This is the second of a three part series. Part one can be read here.
The October 8, 2003 murder of Mark Day inside the Maximum Security Unit at Sir David Longland Correctional Centre (SDLCC) drew unwanted media attention to the place prisoners call the killing fields of Queensland. During its tenure as Queensland’s top maximum-security prison SDLCC has achieved the highest prisoner mortality rate for unnatural deaths of any Australian maximum-security prison.
SDLCC is the new-age gladiator’s school of survival where over 30 prisoners have died unnatural deaths during the last decade. It is a place where young prisoners have learned that murder and heroin addiction are accepted norms of prison life, because the people who run the system have become immune from outside scrutiny after governments legislated against media access to the tax-payer funded institutions.
SDLCC opened its gates for business in 1989 and the first death occurred January 26, 1990 when Scott Wallace, 30, was murdered inside C Block.
It was in the killing fields where David Smith, 21, begged prison guards to place him in protective custody on September 28, 1994 because he feared for his life. Prison guards refused Smith’s request and then revealed his intentions to other prisoners. Smith’s body was found a short time later in his B5 cell with multiple stab wounds. His murder remains unsolved.
It was in the killing fields where a senior prison guard rested his foot on the chest of a dead prisoner while drinking a can of Coke and yelled to the remaining prisoners locked in their cells, “Next time don’t leave a mess fellas. String ‘em up and save me the paper work.”
Michael James “Micky” Adams, 23, was another casualty of the killing fields when he was found hanging in his B7 cell on September 12, 1997 shortly after he had received a visit from his family who claimed he had been in good spirits. There was no indication Adams had contemplated suicide. His death remains questionable because of the methods employed to commit murder inside the killing fields of SDLCC.
It was in the killing fields where Wayne David Woods, 28, already on strict Protection inside 5KA at SDLCC, was found dead.
The eight cells for strict protection prisoners inside K Block were partitioned from all other protection prisoners and the cell-block was impregnable. Woods was housed inside 5KA with three other high protection prisoners including Mien Duy Tran who had been transferred into the block on October 13, 1997 as a high protection prisoner from Rockhampton Correctional Centre.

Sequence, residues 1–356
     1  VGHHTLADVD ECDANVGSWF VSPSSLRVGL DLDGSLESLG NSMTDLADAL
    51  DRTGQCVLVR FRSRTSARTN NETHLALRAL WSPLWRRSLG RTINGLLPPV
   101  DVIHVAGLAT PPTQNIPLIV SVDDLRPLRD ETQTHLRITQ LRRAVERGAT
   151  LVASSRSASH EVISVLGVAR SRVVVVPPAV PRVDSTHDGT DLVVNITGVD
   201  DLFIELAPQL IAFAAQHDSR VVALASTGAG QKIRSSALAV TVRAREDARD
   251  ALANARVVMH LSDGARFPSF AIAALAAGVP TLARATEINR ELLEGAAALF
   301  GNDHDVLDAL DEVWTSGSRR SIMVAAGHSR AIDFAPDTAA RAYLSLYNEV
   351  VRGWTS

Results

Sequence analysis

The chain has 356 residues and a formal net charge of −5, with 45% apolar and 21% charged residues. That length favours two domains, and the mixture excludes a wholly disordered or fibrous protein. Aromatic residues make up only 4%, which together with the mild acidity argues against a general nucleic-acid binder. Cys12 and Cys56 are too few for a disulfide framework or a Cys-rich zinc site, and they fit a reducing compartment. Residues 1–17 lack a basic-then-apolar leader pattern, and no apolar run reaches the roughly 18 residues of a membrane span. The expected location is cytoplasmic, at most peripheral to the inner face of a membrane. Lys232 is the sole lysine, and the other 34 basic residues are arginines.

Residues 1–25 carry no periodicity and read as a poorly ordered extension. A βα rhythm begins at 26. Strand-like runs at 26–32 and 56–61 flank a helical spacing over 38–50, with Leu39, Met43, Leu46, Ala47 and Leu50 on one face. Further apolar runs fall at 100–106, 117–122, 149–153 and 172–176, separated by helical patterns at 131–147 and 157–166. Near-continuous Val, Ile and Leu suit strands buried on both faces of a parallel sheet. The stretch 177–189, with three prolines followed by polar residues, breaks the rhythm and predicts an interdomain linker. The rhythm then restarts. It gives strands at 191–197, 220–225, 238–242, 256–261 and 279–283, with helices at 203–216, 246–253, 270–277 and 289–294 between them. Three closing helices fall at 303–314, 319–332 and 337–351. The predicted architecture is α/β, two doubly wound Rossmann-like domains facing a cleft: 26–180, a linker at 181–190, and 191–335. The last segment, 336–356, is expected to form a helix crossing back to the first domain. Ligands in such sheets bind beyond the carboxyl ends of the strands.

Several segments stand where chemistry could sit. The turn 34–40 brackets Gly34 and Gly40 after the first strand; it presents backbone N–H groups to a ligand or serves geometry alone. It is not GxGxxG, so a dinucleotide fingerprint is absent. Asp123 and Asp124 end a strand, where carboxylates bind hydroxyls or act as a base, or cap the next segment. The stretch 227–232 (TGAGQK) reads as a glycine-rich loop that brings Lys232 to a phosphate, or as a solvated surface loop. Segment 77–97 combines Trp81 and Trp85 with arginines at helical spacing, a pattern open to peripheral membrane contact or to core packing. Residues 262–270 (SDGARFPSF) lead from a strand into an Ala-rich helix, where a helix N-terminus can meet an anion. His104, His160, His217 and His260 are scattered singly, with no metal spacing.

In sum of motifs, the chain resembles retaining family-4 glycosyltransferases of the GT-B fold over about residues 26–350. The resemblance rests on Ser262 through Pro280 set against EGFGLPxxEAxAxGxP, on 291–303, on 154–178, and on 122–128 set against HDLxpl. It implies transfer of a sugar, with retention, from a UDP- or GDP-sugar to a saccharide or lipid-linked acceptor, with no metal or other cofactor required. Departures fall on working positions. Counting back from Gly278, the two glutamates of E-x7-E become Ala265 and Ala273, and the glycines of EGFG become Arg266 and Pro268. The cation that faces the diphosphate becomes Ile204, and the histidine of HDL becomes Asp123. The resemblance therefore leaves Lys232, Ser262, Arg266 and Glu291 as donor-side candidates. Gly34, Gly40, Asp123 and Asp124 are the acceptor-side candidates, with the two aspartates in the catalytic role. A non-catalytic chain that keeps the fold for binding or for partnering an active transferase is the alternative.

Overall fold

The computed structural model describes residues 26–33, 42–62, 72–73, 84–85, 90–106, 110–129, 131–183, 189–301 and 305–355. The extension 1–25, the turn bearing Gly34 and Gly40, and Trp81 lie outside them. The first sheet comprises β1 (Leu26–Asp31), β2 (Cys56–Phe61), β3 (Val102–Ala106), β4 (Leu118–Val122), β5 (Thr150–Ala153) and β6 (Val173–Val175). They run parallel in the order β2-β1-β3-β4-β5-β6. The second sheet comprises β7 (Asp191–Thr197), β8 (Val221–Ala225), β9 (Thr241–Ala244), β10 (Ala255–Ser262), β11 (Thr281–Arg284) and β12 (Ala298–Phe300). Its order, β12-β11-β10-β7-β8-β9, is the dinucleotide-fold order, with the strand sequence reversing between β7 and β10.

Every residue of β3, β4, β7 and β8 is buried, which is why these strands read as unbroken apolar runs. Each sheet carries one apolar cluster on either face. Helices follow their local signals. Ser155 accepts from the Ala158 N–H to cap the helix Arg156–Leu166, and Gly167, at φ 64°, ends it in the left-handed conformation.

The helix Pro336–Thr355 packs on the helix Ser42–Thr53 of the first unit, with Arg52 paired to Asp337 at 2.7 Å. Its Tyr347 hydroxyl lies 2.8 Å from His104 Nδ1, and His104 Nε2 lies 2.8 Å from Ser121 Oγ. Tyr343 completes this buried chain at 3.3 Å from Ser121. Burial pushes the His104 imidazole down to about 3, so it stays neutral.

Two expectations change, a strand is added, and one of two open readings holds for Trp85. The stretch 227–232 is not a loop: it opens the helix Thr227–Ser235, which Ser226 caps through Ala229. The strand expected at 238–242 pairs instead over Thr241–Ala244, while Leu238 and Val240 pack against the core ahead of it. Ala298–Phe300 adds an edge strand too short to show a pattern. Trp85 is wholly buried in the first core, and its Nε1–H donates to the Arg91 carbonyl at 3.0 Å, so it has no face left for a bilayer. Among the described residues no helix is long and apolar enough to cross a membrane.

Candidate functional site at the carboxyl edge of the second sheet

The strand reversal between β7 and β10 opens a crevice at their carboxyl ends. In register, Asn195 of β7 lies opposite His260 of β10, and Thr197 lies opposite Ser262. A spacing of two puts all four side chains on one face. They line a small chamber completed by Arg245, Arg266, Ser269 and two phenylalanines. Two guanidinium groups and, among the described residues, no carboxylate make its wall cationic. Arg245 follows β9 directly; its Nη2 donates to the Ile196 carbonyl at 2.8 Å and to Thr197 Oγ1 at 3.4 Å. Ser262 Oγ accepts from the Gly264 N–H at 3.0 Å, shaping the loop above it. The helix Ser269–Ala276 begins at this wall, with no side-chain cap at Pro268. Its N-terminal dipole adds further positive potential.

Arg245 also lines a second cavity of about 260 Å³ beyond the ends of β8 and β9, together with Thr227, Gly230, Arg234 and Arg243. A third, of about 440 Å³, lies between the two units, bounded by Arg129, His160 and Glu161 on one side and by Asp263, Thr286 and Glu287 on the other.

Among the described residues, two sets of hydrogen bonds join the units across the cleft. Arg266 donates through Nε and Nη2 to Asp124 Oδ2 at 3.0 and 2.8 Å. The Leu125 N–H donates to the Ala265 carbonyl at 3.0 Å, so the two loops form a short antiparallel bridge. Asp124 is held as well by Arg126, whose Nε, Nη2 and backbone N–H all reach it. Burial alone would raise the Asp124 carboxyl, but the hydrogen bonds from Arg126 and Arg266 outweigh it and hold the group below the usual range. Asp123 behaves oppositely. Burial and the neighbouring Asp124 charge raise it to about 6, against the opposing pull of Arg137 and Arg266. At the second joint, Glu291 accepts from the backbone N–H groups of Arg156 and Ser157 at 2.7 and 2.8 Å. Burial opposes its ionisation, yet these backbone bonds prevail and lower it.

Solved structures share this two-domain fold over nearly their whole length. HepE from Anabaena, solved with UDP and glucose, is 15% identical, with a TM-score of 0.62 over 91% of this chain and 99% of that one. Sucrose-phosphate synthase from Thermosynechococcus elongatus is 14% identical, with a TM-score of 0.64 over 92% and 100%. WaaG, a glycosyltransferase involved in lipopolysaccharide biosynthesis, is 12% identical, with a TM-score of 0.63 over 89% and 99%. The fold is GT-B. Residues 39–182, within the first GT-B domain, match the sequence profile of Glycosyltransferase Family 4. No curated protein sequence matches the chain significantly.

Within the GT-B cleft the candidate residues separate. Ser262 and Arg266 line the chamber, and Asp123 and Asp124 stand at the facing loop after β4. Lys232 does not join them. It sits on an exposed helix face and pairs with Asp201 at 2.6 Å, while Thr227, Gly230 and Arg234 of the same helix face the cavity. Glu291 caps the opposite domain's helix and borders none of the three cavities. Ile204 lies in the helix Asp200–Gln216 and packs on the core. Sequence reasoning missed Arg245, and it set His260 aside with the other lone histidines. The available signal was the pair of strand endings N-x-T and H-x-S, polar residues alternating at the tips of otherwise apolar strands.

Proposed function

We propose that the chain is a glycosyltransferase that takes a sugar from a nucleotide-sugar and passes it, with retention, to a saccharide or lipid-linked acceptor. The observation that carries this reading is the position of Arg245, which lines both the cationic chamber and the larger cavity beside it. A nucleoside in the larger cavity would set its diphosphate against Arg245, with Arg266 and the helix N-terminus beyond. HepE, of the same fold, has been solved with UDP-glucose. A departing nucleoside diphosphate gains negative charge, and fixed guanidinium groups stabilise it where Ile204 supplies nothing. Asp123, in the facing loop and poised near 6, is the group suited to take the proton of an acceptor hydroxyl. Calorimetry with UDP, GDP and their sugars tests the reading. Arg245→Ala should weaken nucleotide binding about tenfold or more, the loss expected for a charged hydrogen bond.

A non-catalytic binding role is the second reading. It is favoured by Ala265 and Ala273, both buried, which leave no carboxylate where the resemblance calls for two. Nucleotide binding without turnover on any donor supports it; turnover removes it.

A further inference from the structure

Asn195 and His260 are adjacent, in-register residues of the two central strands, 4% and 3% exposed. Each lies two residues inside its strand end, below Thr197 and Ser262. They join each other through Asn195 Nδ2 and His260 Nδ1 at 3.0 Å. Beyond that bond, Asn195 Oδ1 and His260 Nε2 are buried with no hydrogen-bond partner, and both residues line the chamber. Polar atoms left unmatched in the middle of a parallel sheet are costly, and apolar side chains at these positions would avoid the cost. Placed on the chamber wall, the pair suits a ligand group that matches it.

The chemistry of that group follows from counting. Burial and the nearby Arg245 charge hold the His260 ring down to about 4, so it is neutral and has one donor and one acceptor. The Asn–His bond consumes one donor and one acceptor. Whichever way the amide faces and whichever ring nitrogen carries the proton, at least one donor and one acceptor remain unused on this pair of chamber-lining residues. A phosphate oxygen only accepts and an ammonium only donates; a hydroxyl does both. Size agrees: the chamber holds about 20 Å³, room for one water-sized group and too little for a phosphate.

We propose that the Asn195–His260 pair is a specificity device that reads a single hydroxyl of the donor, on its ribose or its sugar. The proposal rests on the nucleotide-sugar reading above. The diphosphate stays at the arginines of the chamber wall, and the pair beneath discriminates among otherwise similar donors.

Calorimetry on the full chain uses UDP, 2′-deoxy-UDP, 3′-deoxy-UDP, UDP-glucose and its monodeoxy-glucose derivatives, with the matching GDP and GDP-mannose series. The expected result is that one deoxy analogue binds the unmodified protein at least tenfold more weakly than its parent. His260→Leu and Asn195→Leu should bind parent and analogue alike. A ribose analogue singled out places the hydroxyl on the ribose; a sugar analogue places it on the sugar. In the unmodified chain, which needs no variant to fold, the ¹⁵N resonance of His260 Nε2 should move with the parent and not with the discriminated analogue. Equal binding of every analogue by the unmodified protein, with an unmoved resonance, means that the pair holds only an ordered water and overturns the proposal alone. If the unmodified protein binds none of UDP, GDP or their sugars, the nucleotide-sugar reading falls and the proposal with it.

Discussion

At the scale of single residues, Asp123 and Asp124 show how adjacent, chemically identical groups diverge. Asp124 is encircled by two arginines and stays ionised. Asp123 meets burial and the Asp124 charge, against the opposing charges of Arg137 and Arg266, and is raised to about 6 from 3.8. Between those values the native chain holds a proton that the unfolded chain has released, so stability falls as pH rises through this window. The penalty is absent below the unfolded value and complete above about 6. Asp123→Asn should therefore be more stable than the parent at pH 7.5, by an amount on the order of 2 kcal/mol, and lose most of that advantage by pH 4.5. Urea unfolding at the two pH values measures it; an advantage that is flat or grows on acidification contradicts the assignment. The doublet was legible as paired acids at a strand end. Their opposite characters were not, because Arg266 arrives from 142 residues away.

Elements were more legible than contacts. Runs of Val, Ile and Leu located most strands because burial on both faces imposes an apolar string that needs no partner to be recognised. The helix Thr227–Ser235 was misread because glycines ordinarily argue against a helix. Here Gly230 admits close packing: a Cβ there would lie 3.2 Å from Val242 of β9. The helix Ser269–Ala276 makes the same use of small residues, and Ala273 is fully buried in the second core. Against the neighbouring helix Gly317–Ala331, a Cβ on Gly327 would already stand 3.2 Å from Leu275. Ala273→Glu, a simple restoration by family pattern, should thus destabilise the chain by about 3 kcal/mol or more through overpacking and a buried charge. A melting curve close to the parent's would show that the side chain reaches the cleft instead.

On the October 22, 1997 Woods expressed fear for his life after allegedly selling Ajax as heroin and was locked away in his cell during the afternoon. The incident was recorded in the Minutes of an SDLCC Management meeting and a memo was circulated to all SDLCC staff working in the Protection Blocks: “Anyone loitering around fishbowl (the cell-block observation points) may need a counsellor i.e. fears for safety.” Three days later on October 26, 1997 Woods was found dead. His death was recorded as suspected suicide.
The sister of the dead prisoner, Debra Woods, tried to obtain information about her brother’s death but Queensland prison authorities refused to tell her anything. When she began receiving anonymous phone calls warning her against continuing with her inquiries, Ms Wood contacted Professor Paul Wilson, author, criminologist and Bond University lecturer. Professor Wilson in turn contacted Ian Stewart at the Queensland Department of Corrective Services.
“My brother is not a saint,” Ms Woods told Wilson, “but he knew he was going to die and he told the family this was going to happen if he was moved to Sir David Longland.”
This is an edited extract of a submission to the Uniting Care Centre for Social Justice on the Queensland Prison system. This is the second part in a three part series. The first part can be read here.
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